|« Prev||2 Corinthians 13:1||Next »|
THE SECOND EPISTLE OF PAUL THE APOSTLE TO THE CORINTHIANS - Chapter 13 - Verse 1
Introduction to 2nd Corinthians Chapter 13
THIS closing chapter of the epistle relates to the following subjects:
(1.) The assurance of Paul that he was about to come among them, 2 Co 13:1-4, and that he would certainly inflict punishment on all who deserved it. His enemies had reproached him as being timid and pusillanimous. See Barnes "2 Co 10:1,2,10,11.
They had said that he was powerful to threaten, but afraid to execute. It is probable that they had become more bold in this from the fact that he had twice purposed to go there and had failed. In reply to all this, he now in conclusion solemnly assures them that he was coming, and that in all cases where an offence was proved by two or three witnesses, punishment would be inflicted, 2 Co 13:1. He assures them 2 Co 13:2 that he would not spare; and that since they sought a proof that Christ had sent him, they should witness that proof in the punishment which he would inflict, 2 Co 13:3; for that Christ was now clothed with power, and was able to execute punishment, though he had been crucified, 2 Co 13:4.
(2.) Paul calls on them solemnly to examine themselves, and to see whether they had any true religion, 2 Co 13:5,6. In the state of things which existed there, in the corruption which had abounded in the church, he solemnly commands them to institute a faithful inquiry to know whether they had been deceived; at the same time expressing the hope that it would appear, as the result of their examination, that they were not reprobates.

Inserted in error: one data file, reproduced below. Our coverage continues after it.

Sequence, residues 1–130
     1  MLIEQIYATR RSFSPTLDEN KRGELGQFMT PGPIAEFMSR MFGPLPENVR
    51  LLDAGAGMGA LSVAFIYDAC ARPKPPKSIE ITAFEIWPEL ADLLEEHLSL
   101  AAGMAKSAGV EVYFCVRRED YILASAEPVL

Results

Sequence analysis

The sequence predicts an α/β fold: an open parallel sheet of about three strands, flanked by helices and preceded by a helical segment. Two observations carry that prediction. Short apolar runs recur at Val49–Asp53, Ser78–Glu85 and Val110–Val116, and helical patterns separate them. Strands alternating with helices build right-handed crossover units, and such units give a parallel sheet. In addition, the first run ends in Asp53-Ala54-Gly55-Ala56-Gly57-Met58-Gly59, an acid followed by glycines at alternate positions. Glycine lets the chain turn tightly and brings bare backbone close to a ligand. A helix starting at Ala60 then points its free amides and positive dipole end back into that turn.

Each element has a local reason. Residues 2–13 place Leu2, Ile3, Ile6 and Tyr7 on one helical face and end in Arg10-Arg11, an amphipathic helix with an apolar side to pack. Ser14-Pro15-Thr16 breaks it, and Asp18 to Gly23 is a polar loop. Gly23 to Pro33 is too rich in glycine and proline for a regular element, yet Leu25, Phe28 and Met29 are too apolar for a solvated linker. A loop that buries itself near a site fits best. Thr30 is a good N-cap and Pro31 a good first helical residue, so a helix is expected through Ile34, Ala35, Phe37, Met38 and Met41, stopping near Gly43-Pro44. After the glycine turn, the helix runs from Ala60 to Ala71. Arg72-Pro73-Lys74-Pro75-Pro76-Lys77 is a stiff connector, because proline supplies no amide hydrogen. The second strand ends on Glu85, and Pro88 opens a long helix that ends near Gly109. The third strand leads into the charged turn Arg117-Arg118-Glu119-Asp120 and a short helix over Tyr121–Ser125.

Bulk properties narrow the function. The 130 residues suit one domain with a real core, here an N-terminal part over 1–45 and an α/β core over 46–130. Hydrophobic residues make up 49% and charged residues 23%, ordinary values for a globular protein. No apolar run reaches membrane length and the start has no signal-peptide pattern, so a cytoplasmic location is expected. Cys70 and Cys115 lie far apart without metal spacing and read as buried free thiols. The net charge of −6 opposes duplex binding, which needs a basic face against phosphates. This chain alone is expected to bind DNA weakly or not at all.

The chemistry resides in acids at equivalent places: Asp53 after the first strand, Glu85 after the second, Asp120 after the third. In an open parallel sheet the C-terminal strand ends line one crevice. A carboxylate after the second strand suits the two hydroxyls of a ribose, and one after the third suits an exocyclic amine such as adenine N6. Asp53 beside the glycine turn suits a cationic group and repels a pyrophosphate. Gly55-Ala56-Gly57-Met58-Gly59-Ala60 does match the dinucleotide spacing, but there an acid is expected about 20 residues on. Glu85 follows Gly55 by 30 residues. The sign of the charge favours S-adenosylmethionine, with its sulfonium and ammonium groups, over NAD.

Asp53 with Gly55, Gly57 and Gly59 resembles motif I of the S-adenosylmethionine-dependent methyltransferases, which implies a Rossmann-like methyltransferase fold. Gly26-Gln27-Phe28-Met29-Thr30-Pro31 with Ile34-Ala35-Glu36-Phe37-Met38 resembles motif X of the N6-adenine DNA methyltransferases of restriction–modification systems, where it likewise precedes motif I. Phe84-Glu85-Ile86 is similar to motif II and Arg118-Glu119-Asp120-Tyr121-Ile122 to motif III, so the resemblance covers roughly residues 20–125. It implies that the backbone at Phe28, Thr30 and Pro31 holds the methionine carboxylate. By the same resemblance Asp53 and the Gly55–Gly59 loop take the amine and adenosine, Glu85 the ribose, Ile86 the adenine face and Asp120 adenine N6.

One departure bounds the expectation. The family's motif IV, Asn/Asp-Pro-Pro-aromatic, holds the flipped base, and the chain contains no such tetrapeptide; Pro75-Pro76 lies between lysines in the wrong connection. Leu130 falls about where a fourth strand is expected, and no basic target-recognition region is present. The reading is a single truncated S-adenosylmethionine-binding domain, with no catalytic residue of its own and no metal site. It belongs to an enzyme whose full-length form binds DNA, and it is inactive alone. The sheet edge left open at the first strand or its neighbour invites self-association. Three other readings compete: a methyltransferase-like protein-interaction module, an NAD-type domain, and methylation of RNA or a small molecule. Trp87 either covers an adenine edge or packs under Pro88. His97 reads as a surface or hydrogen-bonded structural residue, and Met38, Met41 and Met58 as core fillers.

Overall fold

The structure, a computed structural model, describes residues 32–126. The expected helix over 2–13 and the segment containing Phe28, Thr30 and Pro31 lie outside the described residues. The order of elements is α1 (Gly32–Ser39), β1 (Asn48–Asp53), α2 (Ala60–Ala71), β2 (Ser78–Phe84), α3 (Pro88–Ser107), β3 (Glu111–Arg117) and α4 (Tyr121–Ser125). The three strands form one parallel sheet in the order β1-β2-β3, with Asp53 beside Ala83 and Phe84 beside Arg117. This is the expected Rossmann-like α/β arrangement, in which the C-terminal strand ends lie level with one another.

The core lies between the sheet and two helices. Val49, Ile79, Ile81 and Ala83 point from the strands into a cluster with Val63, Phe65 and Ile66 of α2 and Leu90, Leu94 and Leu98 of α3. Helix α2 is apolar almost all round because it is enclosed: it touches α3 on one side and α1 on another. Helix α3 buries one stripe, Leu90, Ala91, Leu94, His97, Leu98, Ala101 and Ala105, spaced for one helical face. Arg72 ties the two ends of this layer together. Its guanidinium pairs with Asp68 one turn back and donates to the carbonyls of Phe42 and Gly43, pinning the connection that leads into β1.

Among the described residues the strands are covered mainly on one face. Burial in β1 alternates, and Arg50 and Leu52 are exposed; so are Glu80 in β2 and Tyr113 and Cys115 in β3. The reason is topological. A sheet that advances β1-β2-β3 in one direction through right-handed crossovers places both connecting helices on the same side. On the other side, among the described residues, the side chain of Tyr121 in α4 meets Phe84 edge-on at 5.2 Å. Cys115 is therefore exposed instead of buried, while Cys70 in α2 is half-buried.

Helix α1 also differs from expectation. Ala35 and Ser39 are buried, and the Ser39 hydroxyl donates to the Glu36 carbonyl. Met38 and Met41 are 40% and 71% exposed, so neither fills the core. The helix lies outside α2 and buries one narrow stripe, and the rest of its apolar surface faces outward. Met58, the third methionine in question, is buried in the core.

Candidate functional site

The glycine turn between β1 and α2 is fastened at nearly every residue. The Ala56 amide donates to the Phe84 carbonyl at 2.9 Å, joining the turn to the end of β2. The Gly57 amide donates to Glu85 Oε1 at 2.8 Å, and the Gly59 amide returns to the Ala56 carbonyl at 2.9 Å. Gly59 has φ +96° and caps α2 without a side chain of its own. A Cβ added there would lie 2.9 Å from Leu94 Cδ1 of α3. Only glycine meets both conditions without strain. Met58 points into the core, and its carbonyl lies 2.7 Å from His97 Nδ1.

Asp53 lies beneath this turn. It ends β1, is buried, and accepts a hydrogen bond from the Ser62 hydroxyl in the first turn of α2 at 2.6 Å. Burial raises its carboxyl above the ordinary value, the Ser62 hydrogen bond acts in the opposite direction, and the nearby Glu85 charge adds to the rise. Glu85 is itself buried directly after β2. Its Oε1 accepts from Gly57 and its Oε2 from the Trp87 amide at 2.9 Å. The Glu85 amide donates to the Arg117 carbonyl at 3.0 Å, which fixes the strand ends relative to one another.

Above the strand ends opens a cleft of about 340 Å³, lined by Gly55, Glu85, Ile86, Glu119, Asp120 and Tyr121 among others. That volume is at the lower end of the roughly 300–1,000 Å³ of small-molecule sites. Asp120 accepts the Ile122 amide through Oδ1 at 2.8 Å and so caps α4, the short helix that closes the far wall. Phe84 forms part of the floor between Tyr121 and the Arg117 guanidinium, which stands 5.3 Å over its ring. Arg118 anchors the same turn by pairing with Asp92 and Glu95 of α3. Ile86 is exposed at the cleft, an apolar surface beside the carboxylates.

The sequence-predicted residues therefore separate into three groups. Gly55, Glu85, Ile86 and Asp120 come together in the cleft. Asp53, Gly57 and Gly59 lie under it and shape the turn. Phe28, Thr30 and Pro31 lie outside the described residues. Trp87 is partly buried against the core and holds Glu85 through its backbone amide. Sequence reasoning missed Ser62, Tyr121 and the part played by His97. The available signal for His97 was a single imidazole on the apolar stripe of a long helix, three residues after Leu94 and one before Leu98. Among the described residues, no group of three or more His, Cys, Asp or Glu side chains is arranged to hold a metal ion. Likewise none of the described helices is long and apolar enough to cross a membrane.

(3.) He earnestly prays to God that they might do no evil; that they might be found to be honest and pure, whatever might be thought of Paul himself, or whatever might become of him, 2 Co 13:7. Their repentance would save Paul from exerting his miraculous power in their punishment, and might thus prevent the proof of his apostolic authority which they desired; and the consequence might be that they might esteem him to be a reprobate, for he could not exert his miraculous power except in the cause of truth, 2 Co 13:8. Still he was willing to be esteemed an impostor if they would do no evil.
(5.) Then he bids them an affectionate and tender farewell, and closes with the usual salutations and benedictions, 2 Co 13:11-14.
Verse 1. This is the third time, etc.
See Barnes "12:4".
For an interesting view of this passage, see Paley's Horae Paulinae on this epistle, No. xi. It is evident that Paul had been to Corinth but once before this, but he had resolved to go before a second time, but had been disappointed.
Comp. Mt 18:16. But in regard to its application here, commentators are not agreed. Some suppose that Paul refers to his own epistles which he had sent to them as the two or three witnesses by which his promise to them would be made certain; that he had purposed it and promised it two or three times; and that as this was all that was required by the law, it would certainly be established. This is the opinion of Bloomfield, Rosenmuller, Grotius, Hammond, Locke, and some others. But, with all the respect due to such great names, it seems to me that this would be trifling and childish in the extreme. Lightfoot supposes that he refers to Stephanas, Fortunatus, and Achaicus, who would be witnesses to them of his purpose. See 1 Co 16:17. But the more probable opinion, it seems to me, is that of Doddridge, Macknight, and others, that he anticipated that there would be necessity for the administration of discipline there, but that he would feel himself under obligation in administering it to adhere to the reasonable maxim of the Jewish law. No one should be condemned or punished where there were not at least two or three witnesses to prove the offence; but where there were, discipline would be administered, according to the nature of the crime.
|« Prev||2 Corinthians 13:1||Next »|
►Proofing disabled for this book
► Printer-friendly version